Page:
Vanport City of Portland Archives

"YOU WILL BE warned if necessary. You will have time to leave. Don't get excited." That was the non-warning given to residents of Vanport, once Oregon's second-largest city, before it was flooded on May 30, 1948.

Ask around about Vanport, and plenty of Portlanders likely won't know much about it. It's an instructive, essential part of local history, whose racial dynamics reverberate today—but as the city evolves, it's one that we risk forgetting. This is the problem that the inaugural Vanport Mosaic Festival, cofounded by Damaris Webb, S. Renee Mitchell, and Laura Lo Forti, seeks to rectify.

"The rapid influx of thousands of new residents into the Portland region dilutes the number of people who are knowledgeable about the rich cultural heritage of Vanport," write the festival organizers in a press release.

Founded as a temporary development to house workers who'd moved to the region for jobs in the Kaiser Shipyards, Vanport was once home to Oregon's largest African American community. The flood destroyed the poorly constructed city, and while most survived, the community was displaced.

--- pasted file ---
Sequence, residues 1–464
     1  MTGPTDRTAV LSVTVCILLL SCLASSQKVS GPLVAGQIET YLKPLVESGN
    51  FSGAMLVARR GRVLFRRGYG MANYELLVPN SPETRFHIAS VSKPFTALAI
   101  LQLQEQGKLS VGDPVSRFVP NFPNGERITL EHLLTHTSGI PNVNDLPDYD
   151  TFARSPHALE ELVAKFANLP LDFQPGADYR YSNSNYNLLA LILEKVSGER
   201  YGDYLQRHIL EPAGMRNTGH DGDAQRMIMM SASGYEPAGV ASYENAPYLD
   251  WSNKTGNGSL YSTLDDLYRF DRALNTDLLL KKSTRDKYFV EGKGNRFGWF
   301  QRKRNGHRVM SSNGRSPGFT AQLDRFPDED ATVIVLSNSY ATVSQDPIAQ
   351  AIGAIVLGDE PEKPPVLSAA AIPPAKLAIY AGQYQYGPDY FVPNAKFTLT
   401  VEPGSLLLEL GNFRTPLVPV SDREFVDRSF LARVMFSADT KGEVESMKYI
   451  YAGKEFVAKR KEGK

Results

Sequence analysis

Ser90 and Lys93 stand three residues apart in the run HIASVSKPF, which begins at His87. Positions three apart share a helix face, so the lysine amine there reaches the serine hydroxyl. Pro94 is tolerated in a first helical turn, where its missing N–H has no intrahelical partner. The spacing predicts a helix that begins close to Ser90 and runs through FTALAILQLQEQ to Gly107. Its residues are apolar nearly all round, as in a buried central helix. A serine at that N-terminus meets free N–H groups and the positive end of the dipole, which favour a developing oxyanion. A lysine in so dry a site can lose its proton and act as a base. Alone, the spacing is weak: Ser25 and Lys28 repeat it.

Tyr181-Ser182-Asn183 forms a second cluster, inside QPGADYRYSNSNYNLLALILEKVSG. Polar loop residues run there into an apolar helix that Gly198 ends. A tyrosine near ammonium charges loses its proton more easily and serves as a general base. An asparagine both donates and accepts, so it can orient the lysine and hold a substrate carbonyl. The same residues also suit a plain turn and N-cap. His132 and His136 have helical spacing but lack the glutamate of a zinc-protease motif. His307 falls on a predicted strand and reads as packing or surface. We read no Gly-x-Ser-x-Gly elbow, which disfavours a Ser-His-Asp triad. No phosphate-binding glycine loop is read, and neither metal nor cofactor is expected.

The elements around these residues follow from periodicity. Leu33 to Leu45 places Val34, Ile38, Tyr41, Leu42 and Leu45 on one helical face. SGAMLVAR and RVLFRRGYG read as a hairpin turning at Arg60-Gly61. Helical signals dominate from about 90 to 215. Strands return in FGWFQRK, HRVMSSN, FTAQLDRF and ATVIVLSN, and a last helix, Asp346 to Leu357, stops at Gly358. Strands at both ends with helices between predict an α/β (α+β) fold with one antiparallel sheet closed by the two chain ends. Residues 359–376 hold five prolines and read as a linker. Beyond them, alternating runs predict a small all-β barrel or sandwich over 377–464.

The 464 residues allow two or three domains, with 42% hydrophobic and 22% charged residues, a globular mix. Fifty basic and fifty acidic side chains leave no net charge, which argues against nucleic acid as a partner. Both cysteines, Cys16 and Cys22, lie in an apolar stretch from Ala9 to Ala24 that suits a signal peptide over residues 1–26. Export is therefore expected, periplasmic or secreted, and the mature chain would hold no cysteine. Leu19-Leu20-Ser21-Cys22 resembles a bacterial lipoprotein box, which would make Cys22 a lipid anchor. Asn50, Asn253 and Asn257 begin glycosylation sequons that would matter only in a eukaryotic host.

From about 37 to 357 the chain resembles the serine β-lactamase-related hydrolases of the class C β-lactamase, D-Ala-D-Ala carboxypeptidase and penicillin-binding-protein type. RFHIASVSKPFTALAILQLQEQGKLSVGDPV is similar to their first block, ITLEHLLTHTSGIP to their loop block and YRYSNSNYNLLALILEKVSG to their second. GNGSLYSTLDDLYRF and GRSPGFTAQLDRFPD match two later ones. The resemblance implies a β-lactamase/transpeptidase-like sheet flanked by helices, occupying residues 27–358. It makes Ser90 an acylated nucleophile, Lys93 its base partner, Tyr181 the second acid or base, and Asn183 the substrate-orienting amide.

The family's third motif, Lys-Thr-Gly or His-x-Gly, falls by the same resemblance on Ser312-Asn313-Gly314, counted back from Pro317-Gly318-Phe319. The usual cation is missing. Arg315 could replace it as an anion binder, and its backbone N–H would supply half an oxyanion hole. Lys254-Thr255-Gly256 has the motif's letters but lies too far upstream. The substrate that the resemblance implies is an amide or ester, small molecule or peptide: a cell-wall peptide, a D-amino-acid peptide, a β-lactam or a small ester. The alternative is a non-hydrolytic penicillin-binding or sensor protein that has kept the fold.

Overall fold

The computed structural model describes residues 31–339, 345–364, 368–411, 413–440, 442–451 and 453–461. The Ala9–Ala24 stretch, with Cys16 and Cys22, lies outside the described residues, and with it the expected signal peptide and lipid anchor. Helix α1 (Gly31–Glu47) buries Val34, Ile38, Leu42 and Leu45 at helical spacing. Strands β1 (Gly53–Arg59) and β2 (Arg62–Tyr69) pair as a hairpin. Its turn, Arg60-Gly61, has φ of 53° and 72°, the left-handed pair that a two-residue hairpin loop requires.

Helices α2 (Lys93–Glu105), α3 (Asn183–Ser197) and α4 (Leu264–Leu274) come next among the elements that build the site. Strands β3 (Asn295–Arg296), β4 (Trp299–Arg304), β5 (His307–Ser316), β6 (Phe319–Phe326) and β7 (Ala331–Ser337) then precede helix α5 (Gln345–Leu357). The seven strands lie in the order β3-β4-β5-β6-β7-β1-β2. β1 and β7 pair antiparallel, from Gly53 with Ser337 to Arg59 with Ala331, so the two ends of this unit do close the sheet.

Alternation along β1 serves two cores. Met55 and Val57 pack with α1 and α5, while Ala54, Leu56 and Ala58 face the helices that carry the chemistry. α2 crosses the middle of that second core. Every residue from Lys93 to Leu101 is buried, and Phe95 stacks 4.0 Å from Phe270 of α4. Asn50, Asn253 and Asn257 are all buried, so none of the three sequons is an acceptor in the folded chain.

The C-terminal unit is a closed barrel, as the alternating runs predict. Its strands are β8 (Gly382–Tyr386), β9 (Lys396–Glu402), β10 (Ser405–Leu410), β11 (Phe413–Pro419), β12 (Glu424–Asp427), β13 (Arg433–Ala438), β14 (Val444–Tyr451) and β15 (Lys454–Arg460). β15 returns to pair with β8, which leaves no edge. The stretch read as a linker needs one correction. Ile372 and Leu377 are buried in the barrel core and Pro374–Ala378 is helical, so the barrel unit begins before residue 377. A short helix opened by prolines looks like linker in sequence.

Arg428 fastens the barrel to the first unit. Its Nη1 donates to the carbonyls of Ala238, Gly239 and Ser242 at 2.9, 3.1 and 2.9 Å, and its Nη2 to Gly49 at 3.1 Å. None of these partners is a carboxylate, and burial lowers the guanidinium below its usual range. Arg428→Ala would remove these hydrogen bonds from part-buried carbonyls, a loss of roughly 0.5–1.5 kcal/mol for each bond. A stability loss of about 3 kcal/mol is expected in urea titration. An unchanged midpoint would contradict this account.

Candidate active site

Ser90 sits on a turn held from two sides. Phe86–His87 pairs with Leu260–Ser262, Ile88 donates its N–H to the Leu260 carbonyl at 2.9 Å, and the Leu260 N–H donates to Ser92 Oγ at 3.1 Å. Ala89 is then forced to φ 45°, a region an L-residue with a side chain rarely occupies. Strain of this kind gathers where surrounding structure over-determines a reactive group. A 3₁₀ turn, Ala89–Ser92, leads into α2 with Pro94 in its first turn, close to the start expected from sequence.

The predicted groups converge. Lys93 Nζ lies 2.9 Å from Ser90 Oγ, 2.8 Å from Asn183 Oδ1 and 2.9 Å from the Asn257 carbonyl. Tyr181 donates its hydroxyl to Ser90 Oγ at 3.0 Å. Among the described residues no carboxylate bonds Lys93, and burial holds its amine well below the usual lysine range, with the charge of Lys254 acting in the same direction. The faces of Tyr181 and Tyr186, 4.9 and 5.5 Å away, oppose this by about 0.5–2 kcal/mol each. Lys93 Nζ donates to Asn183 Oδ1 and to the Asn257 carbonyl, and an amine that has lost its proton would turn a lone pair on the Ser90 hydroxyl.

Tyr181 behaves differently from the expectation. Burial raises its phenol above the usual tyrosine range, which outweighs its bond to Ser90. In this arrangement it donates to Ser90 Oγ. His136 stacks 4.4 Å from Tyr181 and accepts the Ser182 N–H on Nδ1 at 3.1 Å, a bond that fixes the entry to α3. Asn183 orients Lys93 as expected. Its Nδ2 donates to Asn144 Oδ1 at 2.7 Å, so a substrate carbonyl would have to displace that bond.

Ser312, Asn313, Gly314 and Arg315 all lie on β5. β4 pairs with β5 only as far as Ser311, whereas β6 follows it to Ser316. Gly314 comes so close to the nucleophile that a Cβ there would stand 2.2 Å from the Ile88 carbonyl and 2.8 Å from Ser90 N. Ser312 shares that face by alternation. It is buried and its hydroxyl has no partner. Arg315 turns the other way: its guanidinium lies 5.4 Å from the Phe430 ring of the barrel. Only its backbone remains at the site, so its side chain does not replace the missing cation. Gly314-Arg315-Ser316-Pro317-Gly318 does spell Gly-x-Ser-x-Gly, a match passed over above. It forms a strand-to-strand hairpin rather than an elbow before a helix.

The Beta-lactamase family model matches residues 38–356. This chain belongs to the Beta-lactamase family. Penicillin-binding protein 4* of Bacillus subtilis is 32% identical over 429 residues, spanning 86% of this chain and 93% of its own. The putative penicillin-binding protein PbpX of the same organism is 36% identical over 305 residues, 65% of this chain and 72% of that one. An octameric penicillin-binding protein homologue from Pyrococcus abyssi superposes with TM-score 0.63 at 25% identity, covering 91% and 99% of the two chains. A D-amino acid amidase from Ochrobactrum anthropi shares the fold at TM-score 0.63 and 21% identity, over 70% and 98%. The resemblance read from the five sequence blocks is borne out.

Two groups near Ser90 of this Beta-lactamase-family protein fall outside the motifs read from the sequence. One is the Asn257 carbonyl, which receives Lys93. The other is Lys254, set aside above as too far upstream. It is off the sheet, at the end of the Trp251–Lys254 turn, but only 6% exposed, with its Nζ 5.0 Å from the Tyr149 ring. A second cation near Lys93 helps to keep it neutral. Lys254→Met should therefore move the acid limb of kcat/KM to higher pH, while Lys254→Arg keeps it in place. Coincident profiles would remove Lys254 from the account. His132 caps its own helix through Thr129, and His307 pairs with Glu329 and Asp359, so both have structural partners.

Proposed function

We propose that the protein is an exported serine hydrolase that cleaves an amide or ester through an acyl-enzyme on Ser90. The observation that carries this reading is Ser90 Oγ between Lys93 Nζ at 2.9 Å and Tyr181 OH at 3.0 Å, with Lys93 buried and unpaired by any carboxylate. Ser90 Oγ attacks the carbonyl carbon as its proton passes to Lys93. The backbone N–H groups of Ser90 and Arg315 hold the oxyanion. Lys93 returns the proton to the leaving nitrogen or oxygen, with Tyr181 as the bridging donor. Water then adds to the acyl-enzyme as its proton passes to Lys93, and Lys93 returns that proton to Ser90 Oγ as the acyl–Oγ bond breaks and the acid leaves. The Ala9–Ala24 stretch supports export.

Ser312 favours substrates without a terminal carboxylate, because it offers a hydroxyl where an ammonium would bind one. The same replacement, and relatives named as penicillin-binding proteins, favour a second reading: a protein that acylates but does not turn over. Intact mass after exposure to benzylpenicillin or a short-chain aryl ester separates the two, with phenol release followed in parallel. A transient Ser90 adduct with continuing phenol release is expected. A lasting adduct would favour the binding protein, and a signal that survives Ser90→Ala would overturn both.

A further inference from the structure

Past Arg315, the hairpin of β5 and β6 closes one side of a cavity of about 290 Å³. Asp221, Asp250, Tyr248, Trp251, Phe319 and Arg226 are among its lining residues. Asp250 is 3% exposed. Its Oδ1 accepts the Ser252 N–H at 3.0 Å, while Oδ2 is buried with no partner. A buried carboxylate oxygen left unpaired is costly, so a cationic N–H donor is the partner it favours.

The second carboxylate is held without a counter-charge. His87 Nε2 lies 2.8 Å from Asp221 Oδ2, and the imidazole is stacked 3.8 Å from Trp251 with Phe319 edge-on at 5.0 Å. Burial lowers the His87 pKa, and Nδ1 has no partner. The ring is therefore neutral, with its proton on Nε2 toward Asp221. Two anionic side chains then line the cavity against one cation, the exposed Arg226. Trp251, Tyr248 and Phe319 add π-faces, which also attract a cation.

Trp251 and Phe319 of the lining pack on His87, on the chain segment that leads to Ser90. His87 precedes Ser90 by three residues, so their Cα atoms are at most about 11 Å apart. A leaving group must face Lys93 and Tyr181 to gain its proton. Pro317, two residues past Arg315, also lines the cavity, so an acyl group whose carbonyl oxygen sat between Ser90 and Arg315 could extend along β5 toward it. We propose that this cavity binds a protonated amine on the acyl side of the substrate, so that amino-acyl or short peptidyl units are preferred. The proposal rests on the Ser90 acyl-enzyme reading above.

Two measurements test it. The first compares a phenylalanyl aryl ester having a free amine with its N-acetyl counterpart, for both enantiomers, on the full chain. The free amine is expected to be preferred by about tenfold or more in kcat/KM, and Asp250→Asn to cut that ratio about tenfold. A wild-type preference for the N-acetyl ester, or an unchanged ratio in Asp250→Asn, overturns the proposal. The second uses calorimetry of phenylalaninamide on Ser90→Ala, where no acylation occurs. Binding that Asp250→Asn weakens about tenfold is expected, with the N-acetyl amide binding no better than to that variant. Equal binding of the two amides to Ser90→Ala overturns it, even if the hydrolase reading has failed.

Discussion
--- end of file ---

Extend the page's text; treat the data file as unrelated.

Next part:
On the flood's 68th anniversary, the Vanport Mosaic Festival seeks to preserve some of that community's history through screenings, performances, collaborations between youth and some of Vanport's surviving former residents, and appearances from a variety of speakers, including Sen. Jackie Winters (a flood survivor herself) and Commissioners Nick Fish and Amanda Fritz.

Lara Klingeman

The centerpiece of the festival is Rich Rubin's play Cottonwood in the Flood, directed by cofounder Webb, which refracts the history of segregation in Oregon through the experiences of an African American family living in Vanport before—and after—the flood. That infantilizing warning about not getting excited? It appears, verbatim, in Rubin's script.

You might've seen a staged reading of Cottonwood at the 2012 JAW Festival or last year's Fertile Ground festival, where it was a highlight. I've been waiting ever since to see it fully produced. Its 12 performances at the Mosaic Festival are not to be missed. Maybe you'll leave just a bit clearer on this complex, deeply necessary piece of Oregon history. I did.